Usually the first few weeks of a pregnancy will go unnoticed so this is one race that you don't actually know you've started until you're a few weeks into it. The next few weeks can be a breeze for some and tough on others as the body gets use to supporting a baby. Fortunately for Michelle the first ten weeks or so of her pregnancy passed without too much fuss.

Kilometers ten through thirty in a marathon are where you lay the ground work for the latter stages of the race. Maintaining a steady rhythm, looking after yourself, hydrating etc.

It's the same for weeks ten through thirty in the pregnancy. The body (and mind) are over the initial shock to the system and you can set about preparing for the final stages of the race. It's still important to look after yourself through these stages and not make you move too soon.

I've heard many people say the a marathon does not start until the final ten k and again I think the same can almost be said for pregnancies. It seems as each week passes the tension is building as the finish line draws near. The body is tiring and she just wants the race to finish. Sometimes there's a false alarm and you think you can see the finish but then it disappears again into the distance.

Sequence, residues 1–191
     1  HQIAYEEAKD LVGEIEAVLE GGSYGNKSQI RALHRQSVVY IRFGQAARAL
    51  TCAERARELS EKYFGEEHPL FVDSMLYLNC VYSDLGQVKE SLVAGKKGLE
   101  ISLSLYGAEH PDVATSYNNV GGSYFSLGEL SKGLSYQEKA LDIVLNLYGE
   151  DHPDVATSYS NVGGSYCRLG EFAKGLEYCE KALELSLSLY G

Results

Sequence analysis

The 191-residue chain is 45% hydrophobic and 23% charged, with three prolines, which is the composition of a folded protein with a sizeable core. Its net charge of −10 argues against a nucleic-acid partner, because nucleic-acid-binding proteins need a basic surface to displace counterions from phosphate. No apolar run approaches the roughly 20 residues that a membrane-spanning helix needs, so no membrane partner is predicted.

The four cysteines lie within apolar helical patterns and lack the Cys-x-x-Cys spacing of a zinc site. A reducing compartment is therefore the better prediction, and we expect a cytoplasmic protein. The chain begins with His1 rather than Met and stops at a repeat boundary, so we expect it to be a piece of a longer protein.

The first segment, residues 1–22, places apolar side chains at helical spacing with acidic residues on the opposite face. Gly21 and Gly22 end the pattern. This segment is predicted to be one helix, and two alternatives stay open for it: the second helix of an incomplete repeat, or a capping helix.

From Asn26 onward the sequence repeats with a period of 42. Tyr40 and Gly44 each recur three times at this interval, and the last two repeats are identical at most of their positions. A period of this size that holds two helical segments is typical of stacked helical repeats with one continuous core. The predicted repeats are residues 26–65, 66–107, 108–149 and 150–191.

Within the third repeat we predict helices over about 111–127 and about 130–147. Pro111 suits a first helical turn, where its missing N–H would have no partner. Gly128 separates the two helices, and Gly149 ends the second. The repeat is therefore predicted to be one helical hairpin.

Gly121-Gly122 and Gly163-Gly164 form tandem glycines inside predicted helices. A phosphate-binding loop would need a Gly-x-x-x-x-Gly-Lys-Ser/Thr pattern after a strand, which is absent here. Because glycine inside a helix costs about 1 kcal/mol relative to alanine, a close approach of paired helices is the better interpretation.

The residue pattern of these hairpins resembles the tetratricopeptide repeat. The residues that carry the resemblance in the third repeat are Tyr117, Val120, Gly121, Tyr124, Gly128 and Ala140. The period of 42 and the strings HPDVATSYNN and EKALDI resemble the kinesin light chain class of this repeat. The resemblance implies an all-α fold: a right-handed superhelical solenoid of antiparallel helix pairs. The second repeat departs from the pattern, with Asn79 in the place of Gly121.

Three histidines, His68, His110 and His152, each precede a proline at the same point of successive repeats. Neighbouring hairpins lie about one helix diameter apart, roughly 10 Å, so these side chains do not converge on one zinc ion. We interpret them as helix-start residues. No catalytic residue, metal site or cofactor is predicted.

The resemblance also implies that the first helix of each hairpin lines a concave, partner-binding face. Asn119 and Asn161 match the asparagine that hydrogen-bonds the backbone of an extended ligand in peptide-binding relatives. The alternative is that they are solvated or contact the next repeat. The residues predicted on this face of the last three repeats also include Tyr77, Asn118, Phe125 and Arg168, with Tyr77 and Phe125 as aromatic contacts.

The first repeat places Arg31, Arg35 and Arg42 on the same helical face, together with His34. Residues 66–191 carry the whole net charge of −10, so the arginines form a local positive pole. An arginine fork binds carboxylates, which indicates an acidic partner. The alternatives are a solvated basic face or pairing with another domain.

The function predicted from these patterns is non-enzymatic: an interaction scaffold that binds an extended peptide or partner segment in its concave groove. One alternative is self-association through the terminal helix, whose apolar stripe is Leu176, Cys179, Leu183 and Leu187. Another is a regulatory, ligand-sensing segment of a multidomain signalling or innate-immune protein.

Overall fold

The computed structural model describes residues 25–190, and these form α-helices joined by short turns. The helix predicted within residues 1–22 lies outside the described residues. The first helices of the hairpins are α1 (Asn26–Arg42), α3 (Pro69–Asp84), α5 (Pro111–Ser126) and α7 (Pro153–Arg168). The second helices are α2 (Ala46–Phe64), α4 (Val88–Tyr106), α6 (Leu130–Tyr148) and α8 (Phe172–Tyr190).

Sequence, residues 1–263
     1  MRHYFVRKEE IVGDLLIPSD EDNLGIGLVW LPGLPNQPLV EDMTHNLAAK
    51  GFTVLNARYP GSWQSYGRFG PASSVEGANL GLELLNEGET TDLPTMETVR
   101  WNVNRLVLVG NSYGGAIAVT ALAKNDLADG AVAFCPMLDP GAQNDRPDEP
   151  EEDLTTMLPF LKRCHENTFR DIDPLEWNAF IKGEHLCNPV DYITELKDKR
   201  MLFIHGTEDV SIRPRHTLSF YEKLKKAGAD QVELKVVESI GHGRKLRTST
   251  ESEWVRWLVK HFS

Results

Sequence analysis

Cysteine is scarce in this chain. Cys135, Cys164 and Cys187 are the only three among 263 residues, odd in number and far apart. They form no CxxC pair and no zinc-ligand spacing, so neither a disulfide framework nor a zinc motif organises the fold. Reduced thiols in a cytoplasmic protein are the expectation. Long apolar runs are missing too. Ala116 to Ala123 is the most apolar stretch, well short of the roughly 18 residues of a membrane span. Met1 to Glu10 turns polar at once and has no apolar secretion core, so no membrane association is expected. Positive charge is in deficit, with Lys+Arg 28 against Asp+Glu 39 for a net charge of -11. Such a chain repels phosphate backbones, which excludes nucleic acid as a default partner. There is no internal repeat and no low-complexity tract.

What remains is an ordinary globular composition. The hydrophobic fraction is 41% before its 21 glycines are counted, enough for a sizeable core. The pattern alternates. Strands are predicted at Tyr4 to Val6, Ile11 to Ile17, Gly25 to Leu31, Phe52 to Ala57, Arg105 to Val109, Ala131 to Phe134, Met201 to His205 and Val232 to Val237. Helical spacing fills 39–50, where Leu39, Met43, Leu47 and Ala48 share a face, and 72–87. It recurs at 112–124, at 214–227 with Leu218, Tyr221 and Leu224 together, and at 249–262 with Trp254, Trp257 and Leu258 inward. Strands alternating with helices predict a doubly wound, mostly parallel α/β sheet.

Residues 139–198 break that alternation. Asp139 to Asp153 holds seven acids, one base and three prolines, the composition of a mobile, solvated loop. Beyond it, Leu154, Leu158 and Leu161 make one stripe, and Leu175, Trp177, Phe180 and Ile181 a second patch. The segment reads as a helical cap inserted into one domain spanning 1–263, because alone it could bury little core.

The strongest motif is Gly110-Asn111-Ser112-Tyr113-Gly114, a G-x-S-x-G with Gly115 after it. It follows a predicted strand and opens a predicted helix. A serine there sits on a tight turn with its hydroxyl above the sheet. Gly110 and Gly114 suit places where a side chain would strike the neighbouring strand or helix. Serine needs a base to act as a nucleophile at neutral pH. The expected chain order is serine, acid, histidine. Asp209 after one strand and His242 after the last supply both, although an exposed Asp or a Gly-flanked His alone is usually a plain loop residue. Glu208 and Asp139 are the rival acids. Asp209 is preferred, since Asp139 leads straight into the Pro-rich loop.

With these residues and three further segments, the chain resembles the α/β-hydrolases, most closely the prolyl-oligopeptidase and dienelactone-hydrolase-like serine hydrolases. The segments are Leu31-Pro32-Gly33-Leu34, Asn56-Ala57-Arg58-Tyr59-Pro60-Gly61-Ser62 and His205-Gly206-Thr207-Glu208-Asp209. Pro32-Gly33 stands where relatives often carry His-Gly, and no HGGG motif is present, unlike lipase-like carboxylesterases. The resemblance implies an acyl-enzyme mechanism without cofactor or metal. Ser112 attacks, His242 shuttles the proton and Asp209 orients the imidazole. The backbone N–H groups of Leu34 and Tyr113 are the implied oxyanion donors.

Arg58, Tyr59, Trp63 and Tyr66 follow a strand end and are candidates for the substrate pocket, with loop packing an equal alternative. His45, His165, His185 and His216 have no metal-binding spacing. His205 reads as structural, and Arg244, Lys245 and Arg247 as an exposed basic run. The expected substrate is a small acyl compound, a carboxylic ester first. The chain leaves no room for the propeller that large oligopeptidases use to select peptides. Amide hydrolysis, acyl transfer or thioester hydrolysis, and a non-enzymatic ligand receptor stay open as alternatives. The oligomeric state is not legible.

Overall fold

We're two days from the finish line. Hopefully the organisers will have measured the course correctly and we wont have to run an extra 'mile'.


20 June 2009

Injury Prevention

Here's some great injury prevention tips from the guys at Newton Running.


14 June 2009

Back training and waiting for a baby!!

Well after last weeks post about having lacked motivation to train for the previous two weeks I was left with little option to get back into it wasn't I? That's the great thing about maintaining a blog - all you have to do when you're feeling you need some encouragement is to write a post about the issue and a couple of things generally happen;